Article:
RS: The relationships you portray—whether familial, friendly, or romantic—feel so intimate and lived in. I’ve read that you don’t rehearse your actors. So how do you cultivate the looseness and trust necessary to obtain the organic performances you get from your cast?

NH: I haven’t had the time [to rehearse], and I didn’t fight for the time. I felt like we’d be okay without it. I would always want time to rehearse in locations. That, to me, is really important. But I think that the characters that I write speak in shorthand; there’s not a lot of exposition. So I think that helps the audience to feel like, “Okay, these people know each other already; they’re talking to each other like we talk to each other.” And I think that I’ve cast well. That’s not to say that rehearsals aren’t valuable for so many reasons, but I think that you can get a naturalistic performance and feel like these people are really who they’re playing without doing the scenes over and over again.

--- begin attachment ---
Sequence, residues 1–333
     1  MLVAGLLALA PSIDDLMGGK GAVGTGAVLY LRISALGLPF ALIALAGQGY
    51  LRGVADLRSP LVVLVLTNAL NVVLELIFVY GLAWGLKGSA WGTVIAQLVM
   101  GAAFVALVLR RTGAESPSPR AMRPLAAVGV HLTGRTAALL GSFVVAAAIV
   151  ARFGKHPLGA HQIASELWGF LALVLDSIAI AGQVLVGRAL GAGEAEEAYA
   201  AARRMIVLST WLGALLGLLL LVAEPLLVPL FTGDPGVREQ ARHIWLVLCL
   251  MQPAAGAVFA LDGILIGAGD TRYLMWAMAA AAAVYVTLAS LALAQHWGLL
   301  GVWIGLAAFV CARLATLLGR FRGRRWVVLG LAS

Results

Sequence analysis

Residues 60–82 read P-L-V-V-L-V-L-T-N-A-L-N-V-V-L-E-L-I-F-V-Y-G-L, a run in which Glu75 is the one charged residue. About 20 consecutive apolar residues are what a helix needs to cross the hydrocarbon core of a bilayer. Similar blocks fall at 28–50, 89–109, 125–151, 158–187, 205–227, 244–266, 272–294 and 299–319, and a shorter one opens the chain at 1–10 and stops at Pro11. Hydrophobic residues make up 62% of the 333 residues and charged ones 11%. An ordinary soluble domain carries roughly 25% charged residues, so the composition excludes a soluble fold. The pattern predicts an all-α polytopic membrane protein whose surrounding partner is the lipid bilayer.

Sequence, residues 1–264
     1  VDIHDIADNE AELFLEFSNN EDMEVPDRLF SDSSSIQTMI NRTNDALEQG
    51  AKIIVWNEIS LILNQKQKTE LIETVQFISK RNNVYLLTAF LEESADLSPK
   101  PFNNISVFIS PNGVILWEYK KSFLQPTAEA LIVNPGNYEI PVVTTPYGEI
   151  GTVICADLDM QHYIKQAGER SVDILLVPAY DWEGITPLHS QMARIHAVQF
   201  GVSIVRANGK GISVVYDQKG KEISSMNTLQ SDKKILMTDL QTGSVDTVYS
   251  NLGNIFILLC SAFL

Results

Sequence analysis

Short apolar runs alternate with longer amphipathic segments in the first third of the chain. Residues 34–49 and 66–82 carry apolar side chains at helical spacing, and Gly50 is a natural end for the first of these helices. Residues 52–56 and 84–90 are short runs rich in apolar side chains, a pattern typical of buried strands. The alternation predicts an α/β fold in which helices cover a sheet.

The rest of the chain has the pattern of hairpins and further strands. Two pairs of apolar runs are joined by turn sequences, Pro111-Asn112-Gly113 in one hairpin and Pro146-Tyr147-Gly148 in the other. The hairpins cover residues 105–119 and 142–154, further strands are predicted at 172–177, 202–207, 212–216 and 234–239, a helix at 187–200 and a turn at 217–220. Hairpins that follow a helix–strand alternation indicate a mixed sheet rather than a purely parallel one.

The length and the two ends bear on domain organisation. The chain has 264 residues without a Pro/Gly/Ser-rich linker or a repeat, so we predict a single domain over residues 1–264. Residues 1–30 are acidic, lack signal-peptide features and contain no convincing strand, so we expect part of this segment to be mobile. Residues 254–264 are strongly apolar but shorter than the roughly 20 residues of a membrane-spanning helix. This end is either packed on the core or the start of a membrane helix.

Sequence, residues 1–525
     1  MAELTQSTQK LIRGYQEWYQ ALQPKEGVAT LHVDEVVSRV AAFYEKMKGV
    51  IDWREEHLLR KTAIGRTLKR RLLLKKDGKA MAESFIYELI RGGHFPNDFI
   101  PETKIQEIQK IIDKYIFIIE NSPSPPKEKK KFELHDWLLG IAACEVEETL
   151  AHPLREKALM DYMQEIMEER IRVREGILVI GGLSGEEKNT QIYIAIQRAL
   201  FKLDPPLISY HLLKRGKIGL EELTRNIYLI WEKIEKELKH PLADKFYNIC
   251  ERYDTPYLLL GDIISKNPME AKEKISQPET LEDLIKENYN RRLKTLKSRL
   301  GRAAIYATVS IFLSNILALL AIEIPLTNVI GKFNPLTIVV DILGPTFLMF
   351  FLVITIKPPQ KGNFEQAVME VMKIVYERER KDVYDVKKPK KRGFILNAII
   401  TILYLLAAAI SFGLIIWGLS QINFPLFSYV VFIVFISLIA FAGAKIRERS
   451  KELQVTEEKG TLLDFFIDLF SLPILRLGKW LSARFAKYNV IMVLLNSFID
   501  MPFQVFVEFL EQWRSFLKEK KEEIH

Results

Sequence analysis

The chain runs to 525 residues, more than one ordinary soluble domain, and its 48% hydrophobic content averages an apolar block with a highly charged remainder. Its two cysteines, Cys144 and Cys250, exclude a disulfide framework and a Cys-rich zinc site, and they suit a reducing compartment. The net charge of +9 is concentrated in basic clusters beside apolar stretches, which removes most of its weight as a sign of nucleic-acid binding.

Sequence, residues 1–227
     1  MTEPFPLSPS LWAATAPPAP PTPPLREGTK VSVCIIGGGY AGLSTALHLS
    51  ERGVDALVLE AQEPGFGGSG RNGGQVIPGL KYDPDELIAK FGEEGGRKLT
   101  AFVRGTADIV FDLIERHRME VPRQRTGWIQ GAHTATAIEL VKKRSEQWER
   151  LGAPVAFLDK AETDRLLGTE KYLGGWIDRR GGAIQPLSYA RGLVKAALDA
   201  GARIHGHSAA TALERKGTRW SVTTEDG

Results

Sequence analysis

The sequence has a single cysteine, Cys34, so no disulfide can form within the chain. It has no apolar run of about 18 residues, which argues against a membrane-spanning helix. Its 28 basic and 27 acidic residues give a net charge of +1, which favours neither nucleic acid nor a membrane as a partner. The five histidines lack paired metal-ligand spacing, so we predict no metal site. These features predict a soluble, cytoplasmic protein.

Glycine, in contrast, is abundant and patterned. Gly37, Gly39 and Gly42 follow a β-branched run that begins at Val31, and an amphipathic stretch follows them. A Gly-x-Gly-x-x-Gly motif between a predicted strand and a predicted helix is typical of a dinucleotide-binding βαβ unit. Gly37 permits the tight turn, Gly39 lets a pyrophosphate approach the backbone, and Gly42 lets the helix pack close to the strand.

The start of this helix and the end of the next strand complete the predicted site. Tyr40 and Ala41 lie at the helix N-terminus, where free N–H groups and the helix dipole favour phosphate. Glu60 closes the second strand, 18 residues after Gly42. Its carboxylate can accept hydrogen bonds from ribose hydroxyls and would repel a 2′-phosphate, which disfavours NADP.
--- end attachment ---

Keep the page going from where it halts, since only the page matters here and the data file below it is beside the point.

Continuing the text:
RS: The complexity of your female characters is singular and exceptional, I think, within the scope of American cinema. I’m curious to know whether there are any filmmakers you particularly admire for their portrayals of women? And which filmmakers in general you’ve been influenced by?

NH: I loved the portrayals of women in The Heartbreak Kid. It’s directed by Elaine May and written by Neil Simon. Woody Allen. I mean, he had the best female characters in the 70s and 80s. . . I don’t know, can you think of any? It’s so hard to think of female characters. I know I’ll think of them as soon as you leave.